\langle w, \sigma, v \rangle \models \Diamond\phi \Leftrightarrow \langle w^\prime, \sigma^\prime, v \rangle \models \phi \mbox{ for some } \langle w^\prime, \sigma^\prime \rangle \in S
\langle w, \sigma, v \rangle \models \exists x\phi \Leftrightarrow \langle w, \sigma, \sigma \circ v^\prime \rangle \models \phi
\mbox{ for some } v^\prime \mbox{ which differs only from v in its assignment to x.}

Since the clause for @, is exactly the same as in the standard semantics where we intepret S as the set of possible worlds, and the other truth clauses are sufficiently similar – we should get exactly the same inferences for @ as in the ordinary case.

Of course, counterpart theorists don’t like to use a language with primitive modal operators like QML+@, and will, if they can, phrase it all in first order logic. Standardly counterpart theorists will need the two primitive symbols: Iwx and Cxy. I is the relation of being a part of a world, C is the counterpart relation. We shall use one primitive, Rsxy, interpreted as x = \sigma(y) where s = \langle w, \sigma \rangle. We can give a translation schema of for QML+@ as follows:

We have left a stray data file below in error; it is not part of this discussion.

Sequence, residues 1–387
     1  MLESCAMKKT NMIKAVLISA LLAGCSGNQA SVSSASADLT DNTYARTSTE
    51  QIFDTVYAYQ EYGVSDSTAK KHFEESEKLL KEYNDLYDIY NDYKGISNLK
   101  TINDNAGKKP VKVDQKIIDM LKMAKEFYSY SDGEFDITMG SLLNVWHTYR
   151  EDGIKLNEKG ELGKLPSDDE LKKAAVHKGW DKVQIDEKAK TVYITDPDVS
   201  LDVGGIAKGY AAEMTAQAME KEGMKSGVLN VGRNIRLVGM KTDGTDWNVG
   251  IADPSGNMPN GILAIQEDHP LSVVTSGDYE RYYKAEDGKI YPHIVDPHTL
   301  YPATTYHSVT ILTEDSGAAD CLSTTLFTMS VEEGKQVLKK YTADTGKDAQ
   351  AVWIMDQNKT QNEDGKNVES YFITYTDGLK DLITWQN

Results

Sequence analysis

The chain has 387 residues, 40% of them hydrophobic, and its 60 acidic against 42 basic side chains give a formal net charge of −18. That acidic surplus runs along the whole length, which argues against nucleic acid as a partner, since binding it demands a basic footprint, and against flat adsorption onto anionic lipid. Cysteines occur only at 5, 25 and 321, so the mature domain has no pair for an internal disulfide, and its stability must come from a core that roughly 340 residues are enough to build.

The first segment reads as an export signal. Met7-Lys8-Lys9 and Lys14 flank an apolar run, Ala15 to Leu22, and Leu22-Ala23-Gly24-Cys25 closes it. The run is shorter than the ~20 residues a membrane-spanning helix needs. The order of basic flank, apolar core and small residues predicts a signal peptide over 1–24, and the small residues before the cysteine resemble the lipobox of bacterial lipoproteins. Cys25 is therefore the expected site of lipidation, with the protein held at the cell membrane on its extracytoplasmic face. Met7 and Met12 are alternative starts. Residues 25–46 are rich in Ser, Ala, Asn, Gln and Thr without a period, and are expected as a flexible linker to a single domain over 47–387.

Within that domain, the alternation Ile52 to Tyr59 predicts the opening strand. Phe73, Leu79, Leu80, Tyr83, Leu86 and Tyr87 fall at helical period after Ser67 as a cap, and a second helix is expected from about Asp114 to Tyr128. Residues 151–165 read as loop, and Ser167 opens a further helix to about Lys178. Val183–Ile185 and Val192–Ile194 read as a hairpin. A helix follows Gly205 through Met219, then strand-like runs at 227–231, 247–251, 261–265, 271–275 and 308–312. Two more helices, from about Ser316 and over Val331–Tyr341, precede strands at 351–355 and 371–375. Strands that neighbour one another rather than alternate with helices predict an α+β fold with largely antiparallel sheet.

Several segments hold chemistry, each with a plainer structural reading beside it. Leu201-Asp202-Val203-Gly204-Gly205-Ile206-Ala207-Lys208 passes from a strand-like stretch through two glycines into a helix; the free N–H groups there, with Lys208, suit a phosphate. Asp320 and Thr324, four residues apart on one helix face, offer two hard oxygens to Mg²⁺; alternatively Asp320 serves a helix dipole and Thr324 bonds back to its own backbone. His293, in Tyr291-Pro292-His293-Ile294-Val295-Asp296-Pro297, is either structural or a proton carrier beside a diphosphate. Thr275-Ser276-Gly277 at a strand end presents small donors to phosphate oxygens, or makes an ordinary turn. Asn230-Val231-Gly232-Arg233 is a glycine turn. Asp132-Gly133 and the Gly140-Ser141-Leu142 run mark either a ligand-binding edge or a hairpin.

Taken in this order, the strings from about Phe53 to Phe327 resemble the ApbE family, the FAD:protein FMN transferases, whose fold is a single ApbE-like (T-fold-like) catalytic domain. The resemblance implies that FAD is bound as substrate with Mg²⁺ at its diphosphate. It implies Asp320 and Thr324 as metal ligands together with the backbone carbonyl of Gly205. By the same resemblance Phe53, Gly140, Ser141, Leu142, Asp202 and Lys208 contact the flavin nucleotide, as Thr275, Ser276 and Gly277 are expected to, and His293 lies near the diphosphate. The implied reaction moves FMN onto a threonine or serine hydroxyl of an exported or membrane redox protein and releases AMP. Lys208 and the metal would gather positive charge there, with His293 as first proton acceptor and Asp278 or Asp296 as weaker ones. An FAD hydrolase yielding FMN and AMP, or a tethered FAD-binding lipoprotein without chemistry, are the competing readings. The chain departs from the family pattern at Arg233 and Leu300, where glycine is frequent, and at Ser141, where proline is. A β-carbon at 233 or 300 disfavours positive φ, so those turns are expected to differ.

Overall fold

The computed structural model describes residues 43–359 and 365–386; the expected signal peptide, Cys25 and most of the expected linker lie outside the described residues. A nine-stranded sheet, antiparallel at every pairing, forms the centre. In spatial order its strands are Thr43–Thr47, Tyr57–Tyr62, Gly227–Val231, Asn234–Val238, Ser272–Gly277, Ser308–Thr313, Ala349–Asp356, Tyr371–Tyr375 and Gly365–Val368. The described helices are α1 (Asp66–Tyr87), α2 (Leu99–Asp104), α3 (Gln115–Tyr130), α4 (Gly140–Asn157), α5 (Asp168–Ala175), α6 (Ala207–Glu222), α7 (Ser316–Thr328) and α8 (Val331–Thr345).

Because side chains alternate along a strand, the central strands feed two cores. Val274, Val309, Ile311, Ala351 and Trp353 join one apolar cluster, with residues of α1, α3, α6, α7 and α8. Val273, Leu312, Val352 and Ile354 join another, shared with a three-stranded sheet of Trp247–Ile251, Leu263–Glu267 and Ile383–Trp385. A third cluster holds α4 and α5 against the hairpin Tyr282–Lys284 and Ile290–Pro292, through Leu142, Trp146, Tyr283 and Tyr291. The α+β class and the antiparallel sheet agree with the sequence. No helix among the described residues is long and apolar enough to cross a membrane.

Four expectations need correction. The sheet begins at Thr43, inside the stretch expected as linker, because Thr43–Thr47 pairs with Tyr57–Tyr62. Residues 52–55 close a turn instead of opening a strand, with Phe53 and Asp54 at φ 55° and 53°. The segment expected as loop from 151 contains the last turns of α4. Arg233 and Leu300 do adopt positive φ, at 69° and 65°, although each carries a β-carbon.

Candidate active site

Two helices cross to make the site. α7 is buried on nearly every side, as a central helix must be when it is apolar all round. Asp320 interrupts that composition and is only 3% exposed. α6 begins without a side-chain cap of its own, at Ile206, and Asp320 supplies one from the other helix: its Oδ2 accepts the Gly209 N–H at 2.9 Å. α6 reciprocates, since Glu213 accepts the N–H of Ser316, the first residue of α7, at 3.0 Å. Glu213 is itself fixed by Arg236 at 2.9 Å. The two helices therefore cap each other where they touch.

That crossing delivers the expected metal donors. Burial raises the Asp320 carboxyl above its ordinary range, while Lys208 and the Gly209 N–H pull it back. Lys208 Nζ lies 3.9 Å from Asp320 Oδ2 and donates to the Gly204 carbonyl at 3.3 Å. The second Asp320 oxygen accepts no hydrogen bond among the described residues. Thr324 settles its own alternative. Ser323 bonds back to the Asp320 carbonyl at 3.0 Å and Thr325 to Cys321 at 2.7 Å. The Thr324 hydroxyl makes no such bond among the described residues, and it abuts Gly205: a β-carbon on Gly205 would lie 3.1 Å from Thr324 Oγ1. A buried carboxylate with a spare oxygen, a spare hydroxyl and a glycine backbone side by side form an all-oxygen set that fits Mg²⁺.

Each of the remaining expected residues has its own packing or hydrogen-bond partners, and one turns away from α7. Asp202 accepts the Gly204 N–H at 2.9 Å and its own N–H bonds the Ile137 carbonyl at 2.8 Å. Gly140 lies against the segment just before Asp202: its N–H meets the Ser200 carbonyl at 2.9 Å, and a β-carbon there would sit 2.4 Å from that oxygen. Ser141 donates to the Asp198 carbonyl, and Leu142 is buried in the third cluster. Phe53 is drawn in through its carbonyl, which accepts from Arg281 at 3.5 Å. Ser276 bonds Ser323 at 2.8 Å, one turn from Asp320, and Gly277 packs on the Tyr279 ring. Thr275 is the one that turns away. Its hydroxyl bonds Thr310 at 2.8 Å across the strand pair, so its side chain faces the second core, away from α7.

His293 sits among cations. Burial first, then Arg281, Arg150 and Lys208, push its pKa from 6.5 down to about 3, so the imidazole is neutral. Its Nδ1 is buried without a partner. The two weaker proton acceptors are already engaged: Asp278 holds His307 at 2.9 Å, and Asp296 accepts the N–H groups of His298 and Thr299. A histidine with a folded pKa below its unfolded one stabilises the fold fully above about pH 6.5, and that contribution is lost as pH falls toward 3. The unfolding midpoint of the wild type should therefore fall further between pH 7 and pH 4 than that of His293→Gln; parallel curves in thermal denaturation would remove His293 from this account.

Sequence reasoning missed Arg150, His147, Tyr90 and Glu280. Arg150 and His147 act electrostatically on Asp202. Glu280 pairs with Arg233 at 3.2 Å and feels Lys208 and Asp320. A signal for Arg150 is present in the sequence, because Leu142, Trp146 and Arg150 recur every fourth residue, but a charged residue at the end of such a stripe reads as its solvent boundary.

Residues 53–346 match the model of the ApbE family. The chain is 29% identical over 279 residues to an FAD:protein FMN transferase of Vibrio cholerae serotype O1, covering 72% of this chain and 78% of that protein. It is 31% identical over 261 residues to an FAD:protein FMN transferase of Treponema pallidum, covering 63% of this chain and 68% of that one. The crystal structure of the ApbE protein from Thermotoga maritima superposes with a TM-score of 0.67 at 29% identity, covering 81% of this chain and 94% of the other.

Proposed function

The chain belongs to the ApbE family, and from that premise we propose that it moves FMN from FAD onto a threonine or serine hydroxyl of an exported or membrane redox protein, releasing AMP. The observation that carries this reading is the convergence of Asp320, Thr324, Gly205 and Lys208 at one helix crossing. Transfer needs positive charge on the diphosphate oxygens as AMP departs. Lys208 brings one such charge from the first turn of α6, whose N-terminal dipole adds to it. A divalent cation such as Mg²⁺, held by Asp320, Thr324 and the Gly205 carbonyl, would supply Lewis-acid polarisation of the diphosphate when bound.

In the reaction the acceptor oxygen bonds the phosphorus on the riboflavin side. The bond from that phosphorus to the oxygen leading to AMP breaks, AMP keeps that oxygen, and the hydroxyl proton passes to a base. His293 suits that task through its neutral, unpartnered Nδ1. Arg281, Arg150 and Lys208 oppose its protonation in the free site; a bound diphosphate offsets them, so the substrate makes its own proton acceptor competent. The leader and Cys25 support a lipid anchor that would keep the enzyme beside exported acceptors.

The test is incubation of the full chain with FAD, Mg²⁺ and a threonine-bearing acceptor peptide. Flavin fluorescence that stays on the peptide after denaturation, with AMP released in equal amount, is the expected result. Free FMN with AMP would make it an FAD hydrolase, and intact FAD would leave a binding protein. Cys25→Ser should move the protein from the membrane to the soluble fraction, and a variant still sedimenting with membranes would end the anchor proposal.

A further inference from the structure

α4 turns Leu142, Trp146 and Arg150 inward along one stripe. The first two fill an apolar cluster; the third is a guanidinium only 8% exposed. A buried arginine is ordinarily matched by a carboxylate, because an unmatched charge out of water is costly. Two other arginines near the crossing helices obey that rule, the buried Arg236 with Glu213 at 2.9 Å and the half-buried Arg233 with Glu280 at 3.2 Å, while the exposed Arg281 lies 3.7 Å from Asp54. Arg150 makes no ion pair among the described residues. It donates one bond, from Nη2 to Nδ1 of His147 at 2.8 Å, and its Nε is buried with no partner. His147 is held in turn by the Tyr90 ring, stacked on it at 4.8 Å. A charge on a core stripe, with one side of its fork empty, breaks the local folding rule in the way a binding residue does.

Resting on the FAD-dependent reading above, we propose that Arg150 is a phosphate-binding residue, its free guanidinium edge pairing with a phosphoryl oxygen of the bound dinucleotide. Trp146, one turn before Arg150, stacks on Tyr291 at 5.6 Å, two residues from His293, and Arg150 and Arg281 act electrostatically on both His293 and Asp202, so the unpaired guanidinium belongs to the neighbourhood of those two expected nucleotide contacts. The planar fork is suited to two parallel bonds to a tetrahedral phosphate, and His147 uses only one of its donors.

(Px_1,\ldots,x_n)^s \mapsto
\exists y_1,\ldots,y_n(Rsy_1x_1 \wedge \ldots \wedge Rsy_nx_n \wedge Py_1, \ldots, y_n)
(\neg \phi)^s \mapsto \neg(\phi^s)
(\phi \wedge \psi)^s \mapsto (\phi^s \wedge \psi^s)
(\exists x \phi)^s \mapsto \exists x \exists y(Rsxy \wedge \phi^s)
(\Diamond \phi)^s \mapsto \exists s^\prime \exists y_1\ldots y_n \exists z_1\ldots z_n(Rsz_1x_1 \wedge \ldots \wedge Rsz_nx_n
\wedge Rs^\prime y_1z_1 \wedge \ldots \wedge Rs^\prime y_nz_n \wedge \phi^{s^\prime})
(@\phi)^s \mapsto \phi^{s^*}

(Note in the \Diamond clause, x_1, \ldots, x_n are the free terms in \phi.)



  1. Andrew,